Yellow Spot: A reference to the past

Yellow Shot - Beauty Shot - Hi Res (1)

The only way to move forward is to learn from the past. That’s what my old history teacher used to say (he had to say that kind of thing). I was thinking about this when I was learning about Yellow Spot, the new addition to the Midleton Single Pot Still Range. Yellow Spot was and is Green Spot’s older sibling. In the origin, Mitchell & Son (bottler of the Spots) would buy in Casks filled with Sherry, Port & Malaga wine, and after they had bottled the Sherry, Port and Malaga wine, they would send the casks to be filled with whiskey by the Midleton Distillery. That’s how things used to work. Now Malaga wine, Sherry and Port are bottled at source, so it doesn’t make as much sense, but back then it made perfect sense. Get your sherry delivered in barrels, sell the sherry, recycle the barrel by maturing whiskey in it, and sell the whiskey.

Another historical reference is the Malaga wine. Malaga wine casks are rarely if ever used anymore, and if it wasn’t for this historical recipe, they may have never been used again. They add a fruitiness and spice.

Just to say, the spots refer to age statements (spots were marked on the barrels to differentiate the barrels). Yellow Spot was the 12 year old, Green Spot the 8 as for the Red Spot and Blue Spot, well I’ll leave you guessing until they get released. The recipe and reference to Yellow Spot was actually found in Dublin City museum, and that was the inspiration for this whole project. When I heard about a new pot still whiskey, I suggested it may be comic book inspired, but they picked a far more sensible idea.

Apart from reinvigorating the different brands histories, Irish distillers are looking to the future. Irish whiskey has an exciting future, and with Pot Still Whiskey, Irish Distillers (Jameson/Pernod Ricard) are on to a winner. I haven’t tasted a bad one. I am a truly converted fan. The cask management at Jameson, as I have seen first-hand, is superb. The liquid is complex and overall, the range is fantastic.

I can’t emphasise enough how serious folks at Jameson take cask management. They pretty much talk to their cask suppliers every week, and they are visiting them constantly. They want the best liquid, seasoning the best casks before they pour their whiskey into it.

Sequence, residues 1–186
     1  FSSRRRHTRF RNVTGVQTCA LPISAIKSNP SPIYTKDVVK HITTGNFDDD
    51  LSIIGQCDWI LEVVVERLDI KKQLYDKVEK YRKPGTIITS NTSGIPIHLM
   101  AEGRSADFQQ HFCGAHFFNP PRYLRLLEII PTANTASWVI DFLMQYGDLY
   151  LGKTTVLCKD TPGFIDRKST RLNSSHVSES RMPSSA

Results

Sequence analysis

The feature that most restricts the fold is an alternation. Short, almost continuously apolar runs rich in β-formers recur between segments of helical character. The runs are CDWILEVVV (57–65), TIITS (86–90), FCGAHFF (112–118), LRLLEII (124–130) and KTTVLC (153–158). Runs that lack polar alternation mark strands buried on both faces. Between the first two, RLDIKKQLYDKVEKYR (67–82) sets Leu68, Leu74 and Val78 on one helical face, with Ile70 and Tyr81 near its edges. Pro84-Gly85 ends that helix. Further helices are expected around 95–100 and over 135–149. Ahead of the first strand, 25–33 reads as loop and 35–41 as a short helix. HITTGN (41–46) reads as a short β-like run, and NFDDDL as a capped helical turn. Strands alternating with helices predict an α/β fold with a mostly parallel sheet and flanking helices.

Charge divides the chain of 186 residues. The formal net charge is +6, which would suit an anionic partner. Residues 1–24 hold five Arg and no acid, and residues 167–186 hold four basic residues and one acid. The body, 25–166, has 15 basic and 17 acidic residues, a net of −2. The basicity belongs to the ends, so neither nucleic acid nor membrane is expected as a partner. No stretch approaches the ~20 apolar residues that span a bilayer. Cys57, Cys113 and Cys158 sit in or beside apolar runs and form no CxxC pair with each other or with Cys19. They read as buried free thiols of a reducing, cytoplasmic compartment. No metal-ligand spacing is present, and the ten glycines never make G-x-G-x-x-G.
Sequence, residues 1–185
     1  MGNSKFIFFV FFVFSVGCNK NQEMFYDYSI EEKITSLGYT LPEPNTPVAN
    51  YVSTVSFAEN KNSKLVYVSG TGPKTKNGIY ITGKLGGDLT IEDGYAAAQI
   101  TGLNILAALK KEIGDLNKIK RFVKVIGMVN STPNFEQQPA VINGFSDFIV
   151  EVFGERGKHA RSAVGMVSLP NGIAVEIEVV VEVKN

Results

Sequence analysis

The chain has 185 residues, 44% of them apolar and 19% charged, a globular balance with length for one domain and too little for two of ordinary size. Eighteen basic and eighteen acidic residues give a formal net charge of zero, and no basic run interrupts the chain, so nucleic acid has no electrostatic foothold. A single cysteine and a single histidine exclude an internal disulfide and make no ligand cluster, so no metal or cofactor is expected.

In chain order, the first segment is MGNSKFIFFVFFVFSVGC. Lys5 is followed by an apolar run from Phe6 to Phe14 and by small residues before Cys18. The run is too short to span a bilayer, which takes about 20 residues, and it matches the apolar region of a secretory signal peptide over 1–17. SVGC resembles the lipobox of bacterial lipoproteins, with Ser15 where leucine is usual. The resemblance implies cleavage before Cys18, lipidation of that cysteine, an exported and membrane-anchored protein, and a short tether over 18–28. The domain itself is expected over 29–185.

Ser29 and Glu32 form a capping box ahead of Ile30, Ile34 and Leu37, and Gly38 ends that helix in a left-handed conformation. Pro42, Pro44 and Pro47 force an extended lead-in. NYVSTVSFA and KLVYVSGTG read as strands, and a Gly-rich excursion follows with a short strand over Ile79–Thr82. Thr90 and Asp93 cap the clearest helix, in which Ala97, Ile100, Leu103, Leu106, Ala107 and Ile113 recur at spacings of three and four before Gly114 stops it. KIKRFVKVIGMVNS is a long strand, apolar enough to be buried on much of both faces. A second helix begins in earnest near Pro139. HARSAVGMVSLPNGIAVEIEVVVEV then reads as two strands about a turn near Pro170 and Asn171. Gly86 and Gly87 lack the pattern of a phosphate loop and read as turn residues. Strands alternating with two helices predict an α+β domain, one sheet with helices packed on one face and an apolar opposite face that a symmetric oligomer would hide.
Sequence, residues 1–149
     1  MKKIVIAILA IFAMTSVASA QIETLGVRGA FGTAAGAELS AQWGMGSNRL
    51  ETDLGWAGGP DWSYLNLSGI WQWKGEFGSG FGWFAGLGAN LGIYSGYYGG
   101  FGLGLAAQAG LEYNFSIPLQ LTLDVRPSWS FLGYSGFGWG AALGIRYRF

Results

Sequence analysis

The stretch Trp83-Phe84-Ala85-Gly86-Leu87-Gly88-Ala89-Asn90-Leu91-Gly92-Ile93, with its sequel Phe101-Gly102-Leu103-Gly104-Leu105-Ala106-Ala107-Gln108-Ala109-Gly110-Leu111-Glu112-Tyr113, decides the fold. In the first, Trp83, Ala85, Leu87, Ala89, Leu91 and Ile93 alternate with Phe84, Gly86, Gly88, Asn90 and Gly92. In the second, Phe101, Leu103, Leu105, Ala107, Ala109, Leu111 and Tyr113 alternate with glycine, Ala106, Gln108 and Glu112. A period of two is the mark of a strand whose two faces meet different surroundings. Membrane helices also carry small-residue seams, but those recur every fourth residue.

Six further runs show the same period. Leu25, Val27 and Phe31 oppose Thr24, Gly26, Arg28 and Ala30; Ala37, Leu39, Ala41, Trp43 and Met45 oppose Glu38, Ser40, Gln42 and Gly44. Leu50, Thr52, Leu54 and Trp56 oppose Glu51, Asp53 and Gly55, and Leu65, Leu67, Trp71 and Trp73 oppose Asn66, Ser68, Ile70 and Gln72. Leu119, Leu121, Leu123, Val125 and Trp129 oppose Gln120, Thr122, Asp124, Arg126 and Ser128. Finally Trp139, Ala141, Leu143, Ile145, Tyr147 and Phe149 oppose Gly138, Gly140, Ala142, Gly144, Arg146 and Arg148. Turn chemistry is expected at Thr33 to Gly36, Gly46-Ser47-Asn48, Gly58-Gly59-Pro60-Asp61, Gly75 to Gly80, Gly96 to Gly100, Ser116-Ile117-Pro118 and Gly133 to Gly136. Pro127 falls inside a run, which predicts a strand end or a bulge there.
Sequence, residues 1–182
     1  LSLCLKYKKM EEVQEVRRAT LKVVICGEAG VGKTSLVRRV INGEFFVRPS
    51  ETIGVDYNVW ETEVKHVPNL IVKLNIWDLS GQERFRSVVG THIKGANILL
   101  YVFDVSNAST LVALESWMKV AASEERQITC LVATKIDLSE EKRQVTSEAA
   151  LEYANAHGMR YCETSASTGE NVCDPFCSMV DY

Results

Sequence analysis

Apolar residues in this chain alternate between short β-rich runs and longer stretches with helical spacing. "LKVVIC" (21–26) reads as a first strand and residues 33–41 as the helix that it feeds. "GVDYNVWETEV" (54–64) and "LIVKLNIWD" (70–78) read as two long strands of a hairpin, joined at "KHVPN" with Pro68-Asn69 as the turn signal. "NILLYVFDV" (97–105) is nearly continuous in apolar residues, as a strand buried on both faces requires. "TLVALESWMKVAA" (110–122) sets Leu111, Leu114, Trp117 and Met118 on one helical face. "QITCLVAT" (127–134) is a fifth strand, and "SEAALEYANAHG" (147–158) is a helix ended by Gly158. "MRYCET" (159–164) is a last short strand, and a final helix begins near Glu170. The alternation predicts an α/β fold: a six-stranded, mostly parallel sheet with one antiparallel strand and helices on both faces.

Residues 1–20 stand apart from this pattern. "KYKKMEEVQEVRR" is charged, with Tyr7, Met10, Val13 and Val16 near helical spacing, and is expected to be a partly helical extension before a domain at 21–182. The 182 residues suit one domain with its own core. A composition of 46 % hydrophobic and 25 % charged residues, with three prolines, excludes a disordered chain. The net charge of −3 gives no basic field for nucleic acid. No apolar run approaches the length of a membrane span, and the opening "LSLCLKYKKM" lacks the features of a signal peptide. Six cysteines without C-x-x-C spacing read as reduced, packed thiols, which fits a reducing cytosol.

The Trip & The Notes

I went down to London to taste the Yellow Spot, and I had a lovely time. The temperature was about 28 degrees, the craic was grand and it was really great to meet Jonathan Mitchell and his son (Mitchell & Son), and some of the other folks involved in creating this whiskey.

But what did it taste like? Well, I decided to do things a little differently. I think this spirit is very flexible, so I thought I would taste it and then make an Old Fashioned out of it. The Old Fashioned is one, if not the oldest cocktails, so it relates to the history references at the beginning of the article. See, I do think about these things

Yellow Spot
Single Pot Still Irish Whiskey
12 Years Old
Vatting of Sherry Casks, Malaga Casks and Ex Bourbon Casks
46% Abv. Soon to be available at Whisky Exchange for around 50 quid

Nose: Delicate. Biscuity, malty, apricots, lime. This dram definitely needs water. It’s too delicate otherwise. Marzipan.
I reckon I will have to pick light bitters when I make my Old fashioned.
With Water: Much better. Tangerines, Apricots. Lovely fruitiness and zestiness coming through. Water can be a good thing!
Palate: Zesty, smooth, tangerines again, blackcurrant, lemons, some more of that juicy blackcurrant fruit pastel thing coming through with water.
Finish: Zesty and orangey
Overall: It’s good, it provides a nice addition to the range, but it struggles against the giants that are Redbreast 12 & 15. I’m also loath to compare it to Green Spot, since it is really different, and I appreciate both (Green Spot is really grassy and fresh). This whiskey is much much better with water. It starts to really express its flavours. It is probably just a bit subtle for me to be classed as a mind blowing whiskey. It’s good, but not unbelievable.

Next, I will try to make a few cocktails with it. Post should be up on Monday (best laid plans)

Chris Hoban

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